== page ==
To close its capability gap, China has been able to import advanced machine tooling from nations such as Germany, Italy, and Japan, which have supplied China with key pieces of manufacturing equipment it cannot produce domestically. It has also resorted to espionage campaigns to capture necessary manufacturing expertise. However, despite these efforts—and partly due to the complexity of the manufacturing process—China has been unable to reach parity with Western firms. Historically, Chinese engines have been lagging their Western counterparts by roughly 30 years. In recent years, China’s efforts to develop maritime turbines, which rely on less complex but similar technology, seem to have taken closer to 15 years. While it may appear that the West has a comfortable lead over China in the turbofan market, strategic surprise is possible as the Chinese workforce becomes better educated and the government continues to make significant investments in the aerospace sector.
The United States is likely to maintain an enduring advantage in the engine market. However, if China grows its jet engine capabilities, it could not only increase its military capability but also potentially become a new market competitor with a demonstrated willingness to sell products at reduced costs to drive out competition. To reduce the chance of strategic surprise, the United States and its allies and partners may find it advantageous to take steps to limit China’s rise in this critically important industry. In the absence of such measures, an increasingly fiscally desperate and politically isolated Russia—more likely to take long-term risks—may upend the status quo by transferring sensitive technology to China. Understanding the historical impact that Western sanctions have had on the Russian aerospace industry could provide a valuable framework for confronting China; however, there are many confounding variables in the Russian aerospace industry, and additional research is needed to fully assess that case.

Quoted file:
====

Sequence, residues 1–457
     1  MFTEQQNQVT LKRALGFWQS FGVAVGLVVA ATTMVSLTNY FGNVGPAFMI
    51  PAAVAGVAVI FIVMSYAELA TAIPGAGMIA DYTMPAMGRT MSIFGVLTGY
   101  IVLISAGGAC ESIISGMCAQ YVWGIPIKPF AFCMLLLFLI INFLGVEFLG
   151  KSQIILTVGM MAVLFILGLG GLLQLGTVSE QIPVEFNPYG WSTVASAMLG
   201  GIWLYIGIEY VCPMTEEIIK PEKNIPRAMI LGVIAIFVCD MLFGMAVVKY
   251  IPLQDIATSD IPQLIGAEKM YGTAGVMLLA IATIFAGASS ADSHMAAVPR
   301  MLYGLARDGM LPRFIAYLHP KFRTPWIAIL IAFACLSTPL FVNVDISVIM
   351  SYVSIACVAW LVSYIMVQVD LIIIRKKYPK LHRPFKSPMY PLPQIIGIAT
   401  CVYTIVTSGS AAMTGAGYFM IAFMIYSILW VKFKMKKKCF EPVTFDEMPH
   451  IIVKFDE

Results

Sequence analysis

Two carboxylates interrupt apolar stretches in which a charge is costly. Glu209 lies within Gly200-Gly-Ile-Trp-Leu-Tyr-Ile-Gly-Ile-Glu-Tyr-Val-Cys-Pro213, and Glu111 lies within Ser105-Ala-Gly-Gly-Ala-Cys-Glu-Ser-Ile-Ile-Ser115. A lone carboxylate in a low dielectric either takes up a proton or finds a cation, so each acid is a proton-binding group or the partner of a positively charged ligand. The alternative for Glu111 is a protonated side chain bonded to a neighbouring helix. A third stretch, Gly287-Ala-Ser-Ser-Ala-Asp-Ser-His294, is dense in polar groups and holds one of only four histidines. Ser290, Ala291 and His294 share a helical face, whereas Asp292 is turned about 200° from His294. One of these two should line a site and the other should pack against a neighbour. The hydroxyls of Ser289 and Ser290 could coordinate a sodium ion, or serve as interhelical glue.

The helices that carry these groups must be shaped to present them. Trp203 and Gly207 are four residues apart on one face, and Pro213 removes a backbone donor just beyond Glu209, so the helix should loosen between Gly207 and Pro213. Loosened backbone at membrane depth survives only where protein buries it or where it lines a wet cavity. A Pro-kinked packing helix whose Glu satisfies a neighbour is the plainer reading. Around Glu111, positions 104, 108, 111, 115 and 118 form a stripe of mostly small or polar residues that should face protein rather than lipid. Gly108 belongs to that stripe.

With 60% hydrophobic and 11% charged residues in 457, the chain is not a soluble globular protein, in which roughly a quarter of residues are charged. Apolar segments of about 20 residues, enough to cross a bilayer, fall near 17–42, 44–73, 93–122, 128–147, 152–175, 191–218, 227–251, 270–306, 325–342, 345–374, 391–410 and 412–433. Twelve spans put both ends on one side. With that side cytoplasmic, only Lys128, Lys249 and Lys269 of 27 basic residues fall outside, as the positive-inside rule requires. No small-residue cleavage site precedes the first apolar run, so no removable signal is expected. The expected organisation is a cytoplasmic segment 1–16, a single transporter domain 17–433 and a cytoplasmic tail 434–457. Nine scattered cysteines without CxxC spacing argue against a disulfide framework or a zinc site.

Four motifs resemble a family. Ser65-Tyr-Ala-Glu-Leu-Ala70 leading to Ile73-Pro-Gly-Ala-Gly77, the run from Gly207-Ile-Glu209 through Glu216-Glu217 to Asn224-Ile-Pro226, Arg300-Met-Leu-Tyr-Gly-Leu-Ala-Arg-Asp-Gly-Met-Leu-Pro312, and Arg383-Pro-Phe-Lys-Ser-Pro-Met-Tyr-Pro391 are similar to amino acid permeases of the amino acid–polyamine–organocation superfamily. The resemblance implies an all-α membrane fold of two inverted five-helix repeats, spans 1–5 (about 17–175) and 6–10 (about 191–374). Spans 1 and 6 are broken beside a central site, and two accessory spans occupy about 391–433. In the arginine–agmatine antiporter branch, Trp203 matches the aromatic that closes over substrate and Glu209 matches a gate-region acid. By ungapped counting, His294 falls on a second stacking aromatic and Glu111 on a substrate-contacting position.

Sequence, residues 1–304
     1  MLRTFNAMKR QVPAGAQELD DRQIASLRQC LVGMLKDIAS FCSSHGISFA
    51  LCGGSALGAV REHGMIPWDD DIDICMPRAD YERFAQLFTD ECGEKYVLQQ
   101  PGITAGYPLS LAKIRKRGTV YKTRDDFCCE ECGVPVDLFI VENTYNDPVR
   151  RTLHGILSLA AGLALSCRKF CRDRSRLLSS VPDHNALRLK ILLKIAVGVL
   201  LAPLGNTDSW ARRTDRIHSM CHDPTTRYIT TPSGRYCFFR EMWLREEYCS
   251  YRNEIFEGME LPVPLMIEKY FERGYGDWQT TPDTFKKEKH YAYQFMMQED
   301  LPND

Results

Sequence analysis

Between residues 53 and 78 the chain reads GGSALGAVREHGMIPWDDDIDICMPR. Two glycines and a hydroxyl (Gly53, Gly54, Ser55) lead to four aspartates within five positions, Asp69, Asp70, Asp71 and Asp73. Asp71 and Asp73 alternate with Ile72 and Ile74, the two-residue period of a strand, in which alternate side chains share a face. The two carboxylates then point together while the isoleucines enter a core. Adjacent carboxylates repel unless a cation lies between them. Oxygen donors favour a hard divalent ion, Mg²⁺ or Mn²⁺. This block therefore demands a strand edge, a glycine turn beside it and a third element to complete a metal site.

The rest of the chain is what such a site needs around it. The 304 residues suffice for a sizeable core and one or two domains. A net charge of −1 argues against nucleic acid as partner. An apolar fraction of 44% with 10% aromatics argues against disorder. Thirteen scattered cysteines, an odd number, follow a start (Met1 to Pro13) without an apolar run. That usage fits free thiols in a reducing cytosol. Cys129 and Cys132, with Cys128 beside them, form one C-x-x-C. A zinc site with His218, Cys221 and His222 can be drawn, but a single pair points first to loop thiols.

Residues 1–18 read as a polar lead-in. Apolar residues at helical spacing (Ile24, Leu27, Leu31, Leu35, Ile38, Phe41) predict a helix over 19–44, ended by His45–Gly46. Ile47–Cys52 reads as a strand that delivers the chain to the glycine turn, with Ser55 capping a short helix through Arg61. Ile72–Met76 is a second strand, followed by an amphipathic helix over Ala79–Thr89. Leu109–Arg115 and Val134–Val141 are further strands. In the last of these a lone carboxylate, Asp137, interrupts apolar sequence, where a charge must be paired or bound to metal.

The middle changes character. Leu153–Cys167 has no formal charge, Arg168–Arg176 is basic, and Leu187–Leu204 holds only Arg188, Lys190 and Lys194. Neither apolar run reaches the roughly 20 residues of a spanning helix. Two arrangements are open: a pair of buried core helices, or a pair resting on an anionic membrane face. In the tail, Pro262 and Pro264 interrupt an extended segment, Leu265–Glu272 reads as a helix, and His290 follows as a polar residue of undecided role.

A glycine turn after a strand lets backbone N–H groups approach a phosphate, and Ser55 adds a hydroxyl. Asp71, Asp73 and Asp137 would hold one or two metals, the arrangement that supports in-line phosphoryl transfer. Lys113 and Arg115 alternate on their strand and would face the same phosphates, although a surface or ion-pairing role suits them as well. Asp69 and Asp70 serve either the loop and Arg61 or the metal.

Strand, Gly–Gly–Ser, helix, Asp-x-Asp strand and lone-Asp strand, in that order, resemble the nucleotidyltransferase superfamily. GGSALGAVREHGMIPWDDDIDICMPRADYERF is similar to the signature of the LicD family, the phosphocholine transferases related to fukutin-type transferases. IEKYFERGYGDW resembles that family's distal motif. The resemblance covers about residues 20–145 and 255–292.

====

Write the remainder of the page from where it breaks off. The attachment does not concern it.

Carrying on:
The United States and its allies and partners have two broad options for managing the rise of China’s aerospace sector. First, they can carefully control what information China has access to and continue to be vigilant in preventing the unintentional transfer of sensitive engineering information, including in a university setting. Given the size of some Western firms’ business in China, managing the flow of information may prove challenging, but these firms do have an incentive to keep China from gaining foreign manufacturing expertise that could limit its future expansion. Second, Western countries and firms could restrict Chinese access to machine tooling and associated design and manufacturing software. While export controls are not completely effective, limiting China’s access to manufacturing equipment would make it far harder for it to build out a domestic industrial base. However, there is an underlying structural challenge in this approach because some machine tools are inherently dual use, making it easier for China to circumvent hypothetical sanctions. As China continues to seek to exploit the global engine market in an effort to gain turbofan manufacturing independence, it is up to policymakers and individual companies to fight back and carefully control the gains China can realize from the global turbofan market.
If China was able to access—or indigenously develop—enhanced technology, it could begin to close the qualitive edge that the United States and its allies have enjoyed for decades. As the United States shrinks the size of its crewed fighter aircraft fleet in the coming decades, maintaining that edge will be increasingly vital as China’s air dominance fleet expands. If the United States and its allies are unable to safeguard key manufacturing and turbofan technologies, further investments in U.S. and allied turbofan innovation could help to make parity with the West a moving target and blunt Chinese technical and manufacturing advances.
Alexander Holderness is a research assistant with the Defense-Industrial Initiatives Group at the Center for Strategic and International Studies (CSIS) in Washington, D.C. Nicholas Velazquez is a research intern with the Defense-Industrial Initiatives Group at CSIS. Jasmine Phillips is a research intern with the Defense-Industrial Initiatives Group at CSIS. Gregory Sanders is deputy director and fellow with the Defense-Industrial Initiatives Group at CSIS. Cynthia Cook is director of the Defense-Industrial Initiatives Group and senior fellow with the International Security Program at CSIS.
This brief was made possible by support from GE Aerospace and general support to CSIS.